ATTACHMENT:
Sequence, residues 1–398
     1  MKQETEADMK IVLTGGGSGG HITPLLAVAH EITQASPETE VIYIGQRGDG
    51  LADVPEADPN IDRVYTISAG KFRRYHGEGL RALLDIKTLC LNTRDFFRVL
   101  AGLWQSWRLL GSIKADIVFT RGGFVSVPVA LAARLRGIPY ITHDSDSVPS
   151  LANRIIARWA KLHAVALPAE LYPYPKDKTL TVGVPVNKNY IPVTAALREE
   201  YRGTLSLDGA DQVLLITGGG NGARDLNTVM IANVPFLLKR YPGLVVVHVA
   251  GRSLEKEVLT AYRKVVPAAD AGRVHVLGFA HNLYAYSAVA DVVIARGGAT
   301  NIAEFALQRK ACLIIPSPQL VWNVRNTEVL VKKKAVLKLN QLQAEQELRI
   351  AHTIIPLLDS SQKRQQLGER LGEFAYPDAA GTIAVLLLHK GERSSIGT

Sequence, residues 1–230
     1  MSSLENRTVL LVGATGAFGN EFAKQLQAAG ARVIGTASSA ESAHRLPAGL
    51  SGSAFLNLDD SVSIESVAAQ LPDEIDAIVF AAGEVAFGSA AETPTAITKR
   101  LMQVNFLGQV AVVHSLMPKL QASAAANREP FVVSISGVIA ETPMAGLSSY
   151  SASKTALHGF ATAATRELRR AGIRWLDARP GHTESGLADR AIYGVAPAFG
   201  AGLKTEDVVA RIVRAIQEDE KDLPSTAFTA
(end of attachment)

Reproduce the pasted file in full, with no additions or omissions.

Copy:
Sequence, residues 1–398
     1  MKQETEADMK IVLTGGGSGG HITPLLAVAH EITQASPETE VIYIGQRGDG
    51  LADVPEADPN IDRVYTISAG KFRRYHGEGL RALLDIKTLC LNTRDFFRVL
   101  AGLWQSWRLL GSIKADIVFT RGGFVSVPVA LAARLRGIPY ITHDSDSVPS
   151  LANRIIARWA KLHAVALPAE LYPYPKDKTL TVGVPVNKNY IPVTAALREE
   201  YRGTLSLDGA DQVLLITGGG NGARDLNTVM IANVPFLLKR YPGLVVVHVA
   251  GRSLEKEVLT AYRKVVPAAD AGRVHVLGFA HNLYAYSAVA DVVIARGGAT
   301  NIAEFALQRK ACLIIPSPQL VWNVRNTEVL VKKKAVLKLN QLQAEQELRI
   351  AHTIIPLLDS SQKRQQLGER LGEFAYPDAA GTIAVLLLHK GERSSIGT

Sequence, residues 1–230
     1  MSSLENRTVL LVGATGAFGN EFAKQLQAAG ARVIGTASSA ESAHRLPAGL
    51  SGSAFLNLDD SVSIESVAAQ LPDEIDAIVF AAGEVAFGSA AETPTAITKR
   101  LMQVNFLGQV AVVHSLMPKL QASAAANREP FVVSISGVIA ETPMAGLSSY
   151  SASKTALHGF ATAATRELRR AGIRWLDARP GHTESGLADR AIYGVAPAFG
   201  AGLKTEDVVA RIVRAIQEDE KDLPSTAFTA